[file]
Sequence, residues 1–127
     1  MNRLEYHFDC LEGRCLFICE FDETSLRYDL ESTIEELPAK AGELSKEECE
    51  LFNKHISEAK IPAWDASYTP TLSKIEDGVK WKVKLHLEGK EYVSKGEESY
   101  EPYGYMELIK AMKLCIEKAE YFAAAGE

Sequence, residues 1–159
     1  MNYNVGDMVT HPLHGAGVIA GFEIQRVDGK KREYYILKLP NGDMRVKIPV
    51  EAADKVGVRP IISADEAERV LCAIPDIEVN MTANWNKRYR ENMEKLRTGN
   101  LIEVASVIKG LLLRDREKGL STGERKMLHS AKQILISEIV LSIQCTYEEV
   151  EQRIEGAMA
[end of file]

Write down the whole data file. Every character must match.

Sequence, residues 1–127
     1  MNRLEYHFDC LEGRCLFICE FDETSLRYDL ESTIEELPAK AGELSKEECE
    51  LFNKHISEAK IPAWDASYTP TLSKIEDGVK WKVKLHLEGK EYVSKGEESY
   101  EPYGYMELIK AMKLCIEKAE YFAAAGE

Sequence, residues 1–159
     1  MNYNVGDMVT HPLHGAGVIA GFEIQRVDGK KREYYILKLP NGDMRVKIPV
    51  EAADKVGVRP IISADEAERV LCAIPDIEVN MTANWNKRYR ENMEKLRTGN
   101  LIEVASVIKG LLLRDREKGL STGERKMLHS AKQILISEIV LSIQCTYEEV
   151  EQRIEGAMA